SPENCER: When he went past me, you know - this happens in nine and a half seconds - I kind of knew at the 70-meter mark he was going to probably be ahead of the rest. He's a slow starter I think because he's such a big guy, but once he gets those legs and arms pumping, he sort of takes off.

And when he passed me around the 70-meter mark I was infield and I sort of panned my camera with him. And you know, he looked infield to sort of check the competitors out, and it wasn't till I looked at the back of my camera, firstly hoping that something was sharp and that I had captured it. I then realized he's almost looking straight at me and he had the big grin going and the eyes, and I knew that it was special once I saw that.

SHAPIRO: You've been following Bolt for a long time. Tell us about your history with him.

SPENCER: Well, this is my third Summer Olympics, and I've done two Track and Field World Championships. He's been at all of them. And I think there's no greater athlete on the planet at the moment. What people love about him and what photographers love about him as well is he's such an entertainer. He's so confident and he plays up to the crowd, and I think when he walks into that stadium, it's electric.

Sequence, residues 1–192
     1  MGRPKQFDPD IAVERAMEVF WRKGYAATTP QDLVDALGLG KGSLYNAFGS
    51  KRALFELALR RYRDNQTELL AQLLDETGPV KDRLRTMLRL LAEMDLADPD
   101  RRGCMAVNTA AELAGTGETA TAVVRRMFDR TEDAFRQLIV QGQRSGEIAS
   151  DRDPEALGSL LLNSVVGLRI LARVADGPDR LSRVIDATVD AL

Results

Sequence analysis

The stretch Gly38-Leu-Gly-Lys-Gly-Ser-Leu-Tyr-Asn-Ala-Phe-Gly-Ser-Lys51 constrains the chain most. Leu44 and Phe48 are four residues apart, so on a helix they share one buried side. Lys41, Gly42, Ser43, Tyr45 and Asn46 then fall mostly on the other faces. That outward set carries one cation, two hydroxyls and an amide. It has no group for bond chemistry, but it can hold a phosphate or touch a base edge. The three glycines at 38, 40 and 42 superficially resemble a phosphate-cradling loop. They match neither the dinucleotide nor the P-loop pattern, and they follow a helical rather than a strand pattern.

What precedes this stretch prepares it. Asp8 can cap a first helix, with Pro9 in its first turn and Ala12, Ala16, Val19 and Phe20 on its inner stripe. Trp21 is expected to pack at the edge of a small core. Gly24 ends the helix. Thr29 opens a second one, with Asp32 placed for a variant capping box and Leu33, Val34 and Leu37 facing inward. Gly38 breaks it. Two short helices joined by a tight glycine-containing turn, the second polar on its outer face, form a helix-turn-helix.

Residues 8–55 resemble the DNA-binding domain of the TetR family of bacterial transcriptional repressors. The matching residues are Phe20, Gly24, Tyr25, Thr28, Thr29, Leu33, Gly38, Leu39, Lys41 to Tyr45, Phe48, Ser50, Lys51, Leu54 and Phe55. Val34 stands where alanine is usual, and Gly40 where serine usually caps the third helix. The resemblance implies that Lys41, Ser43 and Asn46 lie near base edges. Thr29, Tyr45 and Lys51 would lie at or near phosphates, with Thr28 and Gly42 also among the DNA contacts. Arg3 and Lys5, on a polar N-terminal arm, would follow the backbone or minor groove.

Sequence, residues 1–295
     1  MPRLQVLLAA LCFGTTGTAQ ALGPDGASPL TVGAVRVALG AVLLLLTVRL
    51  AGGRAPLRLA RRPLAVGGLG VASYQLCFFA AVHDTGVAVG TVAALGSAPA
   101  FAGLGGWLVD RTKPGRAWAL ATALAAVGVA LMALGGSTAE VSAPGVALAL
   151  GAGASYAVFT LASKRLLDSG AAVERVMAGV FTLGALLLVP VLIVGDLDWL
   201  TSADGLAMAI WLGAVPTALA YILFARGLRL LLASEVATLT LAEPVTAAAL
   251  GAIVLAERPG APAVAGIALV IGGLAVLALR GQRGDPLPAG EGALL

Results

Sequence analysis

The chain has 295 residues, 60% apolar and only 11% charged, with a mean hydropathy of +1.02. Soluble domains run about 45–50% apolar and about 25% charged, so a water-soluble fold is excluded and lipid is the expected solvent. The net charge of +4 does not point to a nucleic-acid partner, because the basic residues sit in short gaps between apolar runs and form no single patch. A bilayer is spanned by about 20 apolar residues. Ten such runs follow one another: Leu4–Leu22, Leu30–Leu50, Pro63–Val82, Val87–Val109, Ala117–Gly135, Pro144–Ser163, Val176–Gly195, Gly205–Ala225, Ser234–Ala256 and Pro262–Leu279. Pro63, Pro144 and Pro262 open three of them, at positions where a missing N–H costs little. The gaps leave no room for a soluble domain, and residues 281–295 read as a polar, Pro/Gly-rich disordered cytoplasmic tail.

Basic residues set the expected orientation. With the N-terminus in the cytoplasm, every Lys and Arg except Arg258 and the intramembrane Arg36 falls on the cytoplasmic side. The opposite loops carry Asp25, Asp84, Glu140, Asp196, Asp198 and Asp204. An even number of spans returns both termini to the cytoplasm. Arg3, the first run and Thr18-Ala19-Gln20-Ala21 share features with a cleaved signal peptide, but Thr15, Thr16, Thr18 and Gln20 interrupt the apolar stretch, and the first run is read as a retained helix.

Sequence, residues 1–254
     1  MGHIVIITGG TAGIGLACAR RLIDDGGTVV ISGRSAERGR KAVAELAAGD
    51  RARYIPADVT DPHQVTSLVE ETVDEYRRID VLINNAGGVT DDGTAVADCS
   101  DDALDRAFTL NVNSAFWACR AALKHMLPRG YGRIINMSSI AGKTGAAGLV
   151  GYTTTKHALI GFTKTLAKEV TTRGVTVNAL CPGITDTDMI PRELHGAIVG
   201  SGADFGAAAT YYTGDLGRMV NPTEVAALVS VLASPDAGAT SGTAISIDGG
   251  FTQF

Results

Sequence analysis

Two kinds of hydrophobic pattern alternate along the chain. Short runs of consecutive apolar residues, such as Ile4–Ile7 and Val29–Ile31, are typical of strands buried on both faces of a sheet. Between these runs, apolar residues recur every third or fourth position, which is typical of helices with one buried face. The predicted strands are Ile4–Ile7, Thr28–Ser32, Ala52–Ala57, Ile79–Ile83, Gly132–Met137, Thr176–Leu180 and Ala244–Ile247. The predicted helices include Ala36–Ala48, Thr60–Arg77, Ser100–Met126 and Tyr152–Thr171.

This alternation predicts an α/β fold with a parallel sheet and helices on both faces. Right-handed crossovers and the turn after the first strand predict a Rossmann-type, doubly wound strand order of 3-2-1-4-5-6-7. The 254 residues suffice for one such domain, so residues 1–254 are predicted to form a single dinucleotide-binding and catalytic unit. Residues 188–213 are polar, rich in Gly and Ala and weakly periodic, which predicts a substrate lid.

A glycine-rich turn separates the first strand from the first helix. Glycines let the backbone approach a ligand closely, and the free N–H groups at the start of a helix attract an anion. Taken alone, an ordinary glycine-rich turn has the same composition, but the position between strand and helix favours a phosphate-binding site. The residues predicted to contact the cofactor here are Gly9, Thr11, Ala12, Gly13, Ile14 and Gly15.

And last night was no different. I think it was going to be a special night. And when there's that many people there as well to witness greatness, and, you know, the hush goes over the crowd before that starter's gun goes off, it's spine-tingling stuff.

SHAPIRO: Do you study his quirks, his habits, his routines? Do you have to know that in the final stretch he's likely to do this, and in the opening he's likely to do that?

SPENCER: I think that comes with experience. You know, the first time I shot Bolt, I was at the velodrome in Beijing, and I had to race on a bus to the start line. And my position was - Cameron, you have to be at the start. The race is happening at this time, and you need to shoot the guys coming out of the blocks. And I was freaking out, you know? This is the Olympics and oh, my God.

And I think you get more confident and more experience every time you cover a major event like this. You know, he's got his famous striking pose he always does, but he's done that a million times, and I think last night, giving that cheeky grin to the other competitors was something that made it different.

SHAPIRO: Have you ever met him?

SPENCER: I've never met him personally, but I have done a lot of running around trying to chase him, last night included. After the hundred men's final, I did the lap of honor with him. And he's reacting to the camera and sort of playing up to us a little bit, but we also want to give him his space and let him enjoy the moment with the crowd. So it's that balancing act between interaction and also being a fly on the wall and letting him run around. And you also have to avoid tripping over everything around the stadium because you're running backwards in front of him.

SHAPIRO: (Laughter) Do you know whether he's seen the photograph?

SPENCER: I've heard that he has commented on it and said that he loves it, but I haven't actually heard directly from him (laughter).

SHAPIRO: Getty Images photographer Cameron Spencer, thank you so much for your time, and congratulations on the shot.

SPENCER: Thank you very much. I appreciate it. Cheers. Transcript provided by NPR, Copyright NPR.